After a moment… I honestly don’t know how long we stood there… we eventually made our way up the remaining steps and listened to the National Park Ranger’s presentation. While his presentation was informative and the monument was inspiring, I couldn’t stop thinking about Dr. King. I returned to the step and stood directly on it. Looking out over the National Mall, I closed my eyes and traveled back to 1963. I was five years old when Dr. King shared his dream, but I remember it vividly… watching it on a black and white TV screen, hearing it repeated on the radio, listening to adults and kids discuss it as I tried to reconcile his words, their words, and my thoughts about the turbulent times. Dr. King was then… and remains… one of my heroes.

I opened my eyes briefly to take in the entire scene before closing them again and trying to remember the words spoken here some 48 years ago. He conveyed so much in such a profoundly eloquent and compelling way. But it was the end of his speech—the part where Dr. King departed from his prepared notes and improvised—when his vision became known to the world. Apparently, Mahalia Jackson, an African-American gospel singer, prompted him by shouting, “Tell them about the dream, Martin!” And tell us he did.

When we returned to our hotel that evening, I looked up the “I Have a Dream” transcript and read the words several times. Then something profound struck me. In this iconic speech, this brilliant man masterfully referenced numerous biblical allusions, Lincoln’s Gettysburg Address, the Emancipation Proclamation, the Declaration of Independence, Shakespeare’s “Richard III,” an old Negro spiritual, and so much more… all in seventeen minutes! What more can be said?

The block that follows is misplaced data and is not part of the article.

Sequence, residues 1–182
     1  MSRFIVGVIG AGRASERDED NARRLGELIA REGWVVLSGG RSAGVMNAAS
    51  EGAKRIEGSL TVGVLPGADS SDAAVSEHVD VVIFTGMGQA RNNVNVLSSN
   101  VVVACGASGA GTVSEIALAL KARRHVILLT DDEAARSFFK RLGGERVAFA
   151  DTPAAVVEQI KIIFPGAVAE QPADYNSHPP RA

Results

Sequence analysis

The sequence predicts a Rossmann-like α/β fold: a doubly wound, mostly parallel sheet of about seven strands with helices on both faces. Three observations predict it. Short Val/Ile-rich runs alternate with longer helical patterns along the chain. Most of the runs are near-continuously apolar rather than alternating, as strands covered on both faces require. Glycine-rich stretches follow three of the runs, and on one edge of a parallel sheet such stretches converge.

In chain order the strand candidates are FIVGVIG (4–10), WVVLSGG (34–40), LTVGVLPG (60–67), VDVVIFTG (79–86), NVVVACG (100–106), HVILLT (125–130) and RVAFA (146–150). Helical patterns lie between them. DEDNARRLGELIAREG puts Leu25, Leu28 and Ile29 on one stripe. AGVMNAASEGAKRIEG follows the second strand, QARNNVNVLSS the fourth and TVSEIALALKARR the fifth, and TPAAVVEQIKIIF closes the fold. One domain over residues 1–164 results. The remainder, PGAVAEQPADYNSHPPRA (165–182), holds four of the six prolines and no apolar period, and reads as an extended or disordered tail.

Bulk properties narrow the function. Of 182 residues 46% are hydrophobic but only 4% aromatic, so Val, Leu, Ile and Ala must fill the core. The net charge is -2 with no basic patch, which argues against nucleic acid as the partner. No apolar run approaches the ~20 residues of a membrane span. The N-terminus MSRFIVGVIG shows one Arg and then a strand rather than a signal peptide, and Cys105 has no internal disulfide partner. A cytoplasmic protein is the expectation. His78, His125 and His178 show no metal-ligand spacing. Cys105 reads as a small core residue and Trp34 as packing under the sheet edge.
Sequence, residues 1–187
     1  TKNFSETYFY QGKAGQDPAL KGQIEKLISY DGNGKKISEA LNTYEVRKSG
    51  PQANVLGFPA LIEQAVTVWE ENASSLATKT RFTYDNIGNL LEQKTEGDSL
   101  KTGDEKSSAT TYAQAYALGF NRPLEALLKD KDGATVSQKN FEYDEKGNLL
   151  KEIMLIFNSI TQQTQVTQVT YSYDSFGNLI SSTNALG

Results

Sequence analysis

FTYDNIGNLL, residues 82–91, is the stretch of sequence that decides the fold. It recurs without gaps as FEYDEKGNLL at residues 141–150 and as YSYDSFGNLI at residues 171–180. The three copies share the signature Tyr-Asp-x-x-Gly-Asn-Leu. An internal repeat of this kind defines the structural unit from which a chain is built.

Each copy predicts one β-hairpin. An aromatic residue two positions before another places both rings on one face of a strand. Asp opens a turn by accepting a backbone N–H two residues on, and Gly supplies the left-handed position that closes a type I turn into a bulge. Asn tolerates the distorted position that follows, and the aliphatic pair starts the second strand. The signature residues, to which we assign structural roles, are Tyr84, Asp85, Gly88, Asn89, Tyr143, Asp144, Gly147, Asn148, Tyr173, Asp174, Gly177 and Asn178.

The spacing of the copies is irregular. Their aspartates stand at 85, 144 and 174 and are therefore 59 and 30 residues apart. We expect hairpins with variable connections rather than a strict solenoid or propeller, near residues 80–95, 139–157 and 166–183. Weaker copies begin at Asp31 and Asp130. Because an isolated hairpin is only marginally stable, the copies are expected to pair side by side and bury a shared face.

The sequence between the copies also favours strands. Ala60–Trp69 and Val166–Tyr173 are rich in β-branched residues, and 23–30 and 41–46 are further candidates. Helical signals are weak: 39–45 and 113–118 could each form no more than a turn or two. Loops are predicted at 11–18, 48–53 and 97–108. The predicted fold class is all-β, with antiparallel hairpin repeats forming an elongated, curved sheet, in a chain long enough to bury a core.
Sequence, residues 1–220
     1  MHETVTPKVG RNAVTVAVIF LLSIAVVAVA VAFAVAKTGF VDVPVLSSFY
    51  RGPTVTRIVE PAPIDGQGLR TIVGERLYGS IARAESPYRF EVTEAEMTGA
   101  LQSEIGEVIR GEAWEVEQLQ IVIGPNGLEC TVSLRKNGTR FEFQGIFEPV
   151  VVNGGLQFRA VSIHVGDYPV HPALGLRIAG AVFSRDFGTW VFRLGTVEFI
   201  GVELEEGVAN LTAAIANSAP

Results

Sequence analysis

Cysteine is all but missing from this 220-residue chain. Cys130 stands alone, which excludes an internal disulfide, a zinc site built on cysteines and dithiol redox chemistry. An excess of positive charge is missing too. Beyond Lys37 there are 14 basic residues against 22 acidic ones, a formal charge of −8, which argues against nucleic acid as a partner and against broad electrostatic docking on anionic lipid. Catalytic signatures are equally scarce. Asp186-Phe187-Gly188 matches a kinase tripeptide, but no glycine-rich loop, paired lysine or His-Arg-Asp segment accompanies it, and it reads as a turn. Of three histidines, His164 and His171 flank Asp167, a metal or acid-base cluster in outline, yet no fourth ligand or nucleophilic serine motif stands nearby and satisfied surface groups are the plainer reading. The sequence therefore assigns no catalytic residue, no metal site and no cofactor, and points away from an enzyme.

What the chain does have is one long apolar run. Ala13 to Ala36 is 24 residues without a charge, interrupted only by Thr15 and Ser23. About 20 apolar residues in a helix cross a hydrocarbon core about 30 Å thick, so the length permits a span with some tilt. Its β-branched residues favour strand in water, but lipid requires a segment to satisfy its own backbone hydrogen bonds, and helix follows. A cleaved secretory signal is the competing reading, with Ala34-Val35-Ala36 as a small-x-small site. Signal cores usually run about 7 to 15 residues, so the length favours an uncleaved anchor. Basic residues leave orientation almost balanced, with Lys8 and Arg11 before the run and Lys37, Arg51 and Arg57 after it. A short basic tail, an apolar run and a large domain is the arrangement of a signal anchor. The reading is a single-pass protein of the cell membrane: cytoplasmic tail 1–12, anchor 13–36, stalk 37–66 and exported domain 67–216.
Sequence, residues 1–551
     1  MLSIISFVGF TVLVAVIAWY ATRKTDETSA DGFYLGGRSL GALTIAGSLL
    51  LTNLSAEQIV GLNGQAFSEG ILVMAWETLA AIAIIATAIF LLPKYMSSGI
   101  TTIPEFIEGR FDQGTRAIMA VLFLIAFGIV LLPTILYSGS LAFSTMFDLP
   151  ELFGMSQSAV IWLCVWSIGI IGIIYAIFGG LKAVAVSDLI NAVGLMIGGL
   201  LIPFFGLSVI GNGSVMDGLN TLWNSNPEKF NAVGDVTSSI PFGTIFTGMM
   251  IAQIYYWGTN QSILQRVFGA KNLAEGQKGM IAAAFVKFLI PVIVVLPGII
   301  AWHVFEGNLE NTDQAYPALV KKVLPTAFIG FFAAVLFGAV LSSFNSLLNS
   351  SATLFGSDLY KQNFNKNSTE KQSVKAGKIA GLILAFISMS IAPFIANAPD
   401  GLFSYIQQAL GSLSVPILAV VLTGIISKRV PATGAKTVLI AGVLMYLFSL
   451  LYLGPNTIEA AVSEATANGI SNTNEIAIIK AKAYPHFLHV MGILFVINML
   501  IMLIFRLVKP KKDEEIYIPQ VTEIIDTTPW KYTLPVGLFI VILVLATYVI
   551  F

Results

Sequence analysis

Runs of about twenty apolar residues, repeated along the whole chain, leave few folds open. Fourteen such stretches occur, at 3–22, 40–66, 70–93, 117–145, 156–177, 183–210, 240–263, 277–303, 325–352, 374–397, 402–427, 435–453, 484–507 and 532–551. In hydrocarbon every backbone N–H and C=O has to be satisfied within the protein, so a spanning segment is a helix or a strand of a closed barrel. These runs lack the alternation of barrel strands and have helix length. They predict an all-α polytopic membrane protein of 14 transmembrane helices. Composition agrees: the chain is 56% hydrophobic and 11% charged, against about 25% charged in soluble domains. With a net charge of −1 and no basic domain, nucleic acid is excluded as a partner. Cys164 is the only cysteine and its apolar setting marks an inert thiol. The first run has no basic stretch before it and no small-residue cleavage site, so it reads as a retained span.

“Think Outside the Box”… but Look Behind the Curtain

February 17, 2010

The first time I heard the phrase “Think Outside the Box” was shortly after I had graduated from college. I was working at a small but thriving visual communications firm. Concerned about growing too fast and losing control, the president invited a few business consultants in to see if they could help us manage our growth. Being a rookie designer, I was honored when the president asked me to attend the presentations.